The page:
NRW premier Rüttgers apologises after insulting Romanians

DDP/DPA/The Local
DDP/DPA/The Local - [email protected]
NRW premier Rüttgers apologises after insulting Romanians
Are these mikes on? Photo: DPA

The state premier of North Rhine-Westphalia, Jürgen Rüttgers, has come under heavy criticism and been forced to apologise for saying that Romanian workers are undisciplined and do not know what they are doing.


The Christian Democratic Union head of the populous western German state was talking about Nokia’s move of a factory away from Duisburg to Romania when he said, “In contrast to the workers here in the Ruhr area, those in Romania do not show up at seven in the morning for the first shift and stay until the end. Instead they come and go when they want, and don’t know what they are doing.”

His speech – at an election rally in Duisburg – was filmed and posted on Youtube by members of the rival Social Democratic Party. The Dortmund-based newspaper Westfälische Rundschau reported at the weekend that he repeated the quote two days later at a rally in Münster.

He also sketched out a remarkable strategy to attract the attention of potential Chinese investors to the region, saying, “And if we have to, then we will meet up with some Chinese at something at the town hall, and if they then don’t want to finally invest in Duisburg, then they will also be throttled – until they find Duisburg beautiful.”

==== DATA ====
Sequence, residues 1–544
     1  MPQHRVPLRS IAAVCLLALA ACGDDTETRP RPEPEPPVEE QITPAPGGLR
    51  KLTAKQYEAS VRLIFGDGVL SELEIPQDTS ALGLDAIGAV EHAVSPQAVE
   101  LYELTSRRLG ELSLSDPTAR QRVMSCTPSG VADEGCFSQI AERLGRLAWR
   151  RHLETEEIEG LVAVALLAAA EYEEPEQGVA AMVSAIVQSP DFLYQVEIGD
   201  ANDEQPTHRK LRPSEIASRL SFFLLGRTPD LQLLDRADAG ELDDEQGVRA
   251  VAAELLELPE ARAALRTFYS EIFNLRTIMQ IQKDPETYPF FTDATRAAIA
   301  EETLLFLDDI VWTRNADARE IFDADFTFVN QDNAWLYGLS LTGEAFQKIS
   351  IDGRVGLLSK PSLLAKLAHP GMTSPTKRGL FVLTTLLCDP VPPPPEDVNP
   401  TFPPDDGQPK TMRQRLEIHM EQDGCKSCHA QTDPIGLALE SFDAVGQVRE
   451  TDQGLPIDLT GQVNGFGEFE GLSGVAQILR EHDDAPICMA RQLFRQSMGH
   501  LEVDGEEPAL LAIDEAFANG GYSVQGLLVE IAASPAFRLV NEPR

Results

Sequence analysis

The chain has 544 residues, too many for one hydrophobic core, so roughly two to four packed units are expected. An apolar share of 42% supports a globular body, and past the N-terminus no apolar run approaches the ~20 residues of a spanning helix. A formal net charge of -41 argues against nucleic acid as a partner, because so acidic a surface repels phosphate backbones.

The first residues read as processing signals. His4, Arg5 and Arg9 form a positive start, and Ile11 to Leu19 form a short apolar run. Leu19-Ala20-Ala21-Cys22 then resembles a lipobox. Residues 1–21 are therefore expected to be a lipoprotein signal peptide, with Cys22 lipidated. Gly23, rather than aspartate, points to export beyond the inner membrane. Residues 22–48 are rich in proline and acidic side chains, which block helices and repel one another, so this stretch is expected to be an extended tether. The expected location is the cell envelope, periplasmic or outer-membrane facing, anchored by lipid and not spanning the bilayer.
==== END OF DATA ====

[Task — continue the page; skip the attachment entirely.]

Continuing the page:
The state secretary general of the Social Democratic Party, Michael Groschek said although Rüttgers liked to compare himself with previous minister presidents, his latest speeches showed, “once again, that this is just a pose.”

Head of the local Greens, Daniela Schneckenburger said, “That is really from the lowest drawer of populism.”

The Berlin-based German-Romanian Association also criticised Rüttgers, saying it was troubling that he was serving prejudices in such a populist manner, and that European solidarity should be expected from a state premier.

Rüttgers attracted fierce criticism during the 2000 state election for his slogan Kinder statt Inder – or "Children rather than Indians" – at a time when the government of the time was trying to attract well-qualified foreigners to immigrate to fill empty jobs in the high-tech sector.

He apologised on Friday for the Romanian remarks, saying, “I was standing in front of North Rhine-Westphalian workers, whose fabulous efforts are globally acknowledged and who have lost their workplaces due to bad decisions taken at company headquarters. I did not want to insult anyone, and if that happened, I am sorry.”


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